Today I indulged myself by cataloging some old science-fiction pulps of which we have a few. I am by no means a hardcore sci-fi fan (Dr. Who excluded), but old pulps never cease to capture my attention, particularly those with wonderfully outlandish covers. Today I worked through a run of Wonder Stories published by Hugo Gernsback, for whom the Hugo Award is named. While typically the biggest attraction would be the eye-popping covers by Frank R. Paul, what gave me pause was an original letter from superfan Jack Darrow dated 1931 that was laid in to a copy of the Wonder Stories in which it appeared in print.

Darrow's copies of the November and December 1931 issues.

Jack Darrow is virtually unknown today, but during the 1930s he was a fixture of pulp letter pages and friends with writers and fellow fans, such as Raymond A. Palmer, later the influential editor of Amazing Stories. Two copies of Wonder Stories from our run – November and December of 1931 – were owned by Darrow. In both issues he has noted on the title pages his ranking of the best stories that month. The letter published in the December issue directly corresponds with content in the November issue. We can only presume that the letter was returned to Darrow by the publisher along with a complimentary copy as a thank you for his flattering comments.

Darrow's original letter.

While the idea of a fan letter to a magazine may not seem particularly compelling, at the time it was something revolutionary. Such feedback by fans is undertaken today on a daily basis online in chat groups, forum postings, and blogs the world over, connecting people instantly. But back in the early days of science-fiction fandom there was no way to meet other fans of the nascent genre unless you literally bumped into one at your local newsstand or bookseller. And even then they might not be happy to talk openly about what some considered a childish hobby.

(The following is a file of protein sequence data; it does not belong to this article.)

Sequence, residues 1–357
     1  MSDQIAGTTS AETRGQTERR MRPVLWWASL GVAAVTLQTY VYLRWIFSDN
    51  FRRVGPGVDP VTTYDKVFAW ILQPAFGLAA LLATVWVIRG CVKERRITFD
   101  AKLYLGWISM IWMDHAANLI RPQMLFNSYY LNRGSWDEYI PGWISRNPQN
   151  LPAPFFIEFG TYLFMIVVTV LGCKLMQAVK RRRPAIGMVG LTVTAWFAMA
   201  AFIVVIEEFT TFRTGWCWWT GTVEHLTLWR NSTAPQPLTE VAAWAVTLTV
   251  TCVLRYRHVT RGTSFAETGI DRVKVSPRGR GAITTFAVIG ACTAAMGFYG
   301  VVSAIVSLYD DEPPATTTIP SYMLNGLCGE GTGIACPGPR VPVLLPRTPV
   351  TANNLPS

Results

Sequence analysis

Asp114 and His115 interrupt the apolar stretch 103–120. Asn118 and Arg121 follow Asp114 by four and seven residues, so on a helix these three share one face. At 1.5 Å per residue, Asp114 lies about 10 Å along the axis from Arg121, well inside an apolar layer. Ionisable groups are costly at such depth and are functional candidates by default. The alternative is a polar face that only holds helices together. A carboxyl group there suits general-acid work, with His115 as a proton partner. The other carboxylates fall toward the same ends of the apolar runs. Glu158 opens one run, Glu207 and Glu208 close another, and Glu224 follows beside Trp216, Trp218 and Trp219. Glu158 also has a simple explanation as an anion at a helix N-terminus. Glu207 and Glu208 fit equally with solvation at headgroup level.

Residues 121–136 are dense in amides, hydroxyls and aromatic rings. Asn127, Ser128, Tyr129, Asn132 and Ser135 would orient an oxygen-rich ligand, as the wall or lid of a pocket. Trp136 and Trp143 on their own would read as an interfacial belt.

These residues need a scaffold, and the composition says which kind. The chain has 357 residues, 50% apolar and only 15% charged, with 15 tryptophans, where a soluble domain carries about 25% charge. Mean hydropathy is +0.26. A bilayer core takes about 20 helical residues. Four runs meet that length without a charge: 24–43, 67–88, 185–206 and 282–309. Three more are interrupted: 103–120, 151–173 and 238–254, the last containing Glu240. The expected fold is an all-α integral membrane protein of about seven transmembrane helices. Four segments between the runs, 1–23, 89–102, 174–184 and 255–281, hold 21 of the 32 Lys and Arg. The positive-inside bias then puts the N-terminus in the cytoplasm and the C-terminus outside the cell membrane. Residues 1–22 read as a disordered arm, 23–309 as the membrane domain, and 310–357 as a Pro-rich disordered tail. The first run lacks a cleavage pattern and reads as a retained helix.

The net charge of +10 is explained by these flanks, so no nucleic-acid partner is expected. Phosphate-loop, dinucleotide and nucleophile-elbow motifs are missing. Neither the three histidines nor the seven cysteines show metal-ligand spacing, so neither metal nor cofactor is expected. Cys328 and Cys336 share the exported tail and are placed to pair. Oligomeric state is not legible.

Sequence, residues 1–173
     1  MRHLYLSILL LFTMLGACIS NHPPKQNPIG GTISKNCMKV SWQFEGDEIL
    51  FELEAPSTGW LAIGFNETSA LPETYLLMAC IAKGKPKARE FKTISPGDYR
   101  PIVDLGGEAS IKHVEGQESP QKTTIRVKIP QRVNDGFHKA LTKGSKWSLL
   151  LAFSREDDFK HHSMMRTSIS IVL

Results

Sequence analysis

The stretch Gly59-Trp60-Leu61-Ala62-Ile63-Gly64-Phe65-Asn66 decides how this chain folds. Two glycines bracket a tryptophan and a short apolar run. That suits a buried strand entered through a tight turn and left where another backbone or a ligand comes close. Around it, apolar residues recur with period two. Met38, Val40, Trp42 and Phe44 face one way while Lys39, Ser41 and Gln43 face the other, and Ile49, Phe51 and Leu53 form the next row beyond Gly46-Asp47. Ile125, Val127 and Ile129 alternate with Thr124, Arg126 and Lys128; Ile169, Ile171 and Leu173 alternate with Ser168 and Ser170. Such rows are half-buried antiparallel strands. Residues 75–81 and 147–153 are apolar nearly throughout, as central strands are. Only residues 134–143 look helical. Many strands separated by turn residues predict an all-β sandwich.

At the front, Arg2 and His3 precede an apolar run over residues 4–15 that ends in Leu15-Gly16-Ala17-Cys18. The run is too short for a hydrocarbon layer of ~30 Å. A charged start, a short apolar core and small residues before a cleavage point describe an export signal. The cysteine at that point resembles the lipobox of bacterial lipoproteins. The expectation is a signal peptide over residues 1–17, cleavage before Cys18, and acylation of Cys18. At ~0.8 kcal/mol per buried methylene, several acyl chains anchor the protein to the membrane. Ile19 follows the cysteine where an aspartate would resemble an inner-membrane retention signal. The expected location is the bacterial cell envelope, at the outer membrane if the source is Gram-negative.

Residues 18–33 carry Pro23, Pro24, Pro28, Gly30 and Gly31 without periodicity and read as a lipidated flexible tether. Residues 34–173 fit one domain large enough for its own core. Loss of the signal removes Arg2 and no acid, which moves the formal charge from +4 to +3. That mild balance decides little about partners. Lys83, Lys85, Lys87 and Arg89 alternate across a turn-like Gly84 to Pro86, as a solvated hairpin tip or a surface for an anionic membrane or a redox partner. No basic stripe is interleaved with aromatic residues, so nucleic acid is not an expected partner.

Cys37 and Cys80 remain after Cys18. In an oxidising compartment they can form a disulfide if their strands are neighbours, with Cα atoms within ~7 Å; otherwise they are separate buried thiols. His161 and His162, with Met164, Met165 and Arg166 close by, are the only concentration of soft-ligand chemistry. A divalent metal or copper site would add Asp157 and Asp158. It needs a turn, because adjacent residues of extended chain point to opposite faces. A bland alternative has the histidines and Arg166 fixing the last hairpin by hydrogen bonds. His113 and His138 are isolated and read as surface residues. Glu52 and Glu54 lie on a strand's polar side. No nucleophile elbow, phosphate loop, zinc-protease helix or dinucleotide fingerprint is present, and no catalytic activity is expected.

The printed letter from the December issue. Note the "edited" third sentence.

Gernsback’s magazine changed all that by not just running reader letters but also their addresses. For the first time readers could directly contact other fans with a passion for science-fiction. This simple detail created a chain reaction that allowed fans to form local sci-fi clubs, produce amateur fanzines, and later organize nationally. The first large-scale convention was held in New York in 1939, made possible entirely because of fan letters. Among the attendees to that initial event were two young fanzine writers, Isaac Asimov and Ray Bradbury; Forrest J Ackerman, publisher of Famous Monsters of Filmland and the person who popularized the term “sci-fi”; Julius Schwartz, the literary agent for H.P. Lovecraft, Robert Bloch and later editor of DC Comics; and, of course, the letter writing superfan, Jack Darrow.

There is superfan Jack Darrow (top right) at the 1st World Science Fiction Convention in 1939 along with Ray Bradbury (lower right), Forrest J. Ackerman (lower left) and Julius Schwartz (top left with glasses). From the book Alternative Worlds: The Illustrated History of Science Fiction by James Gunn.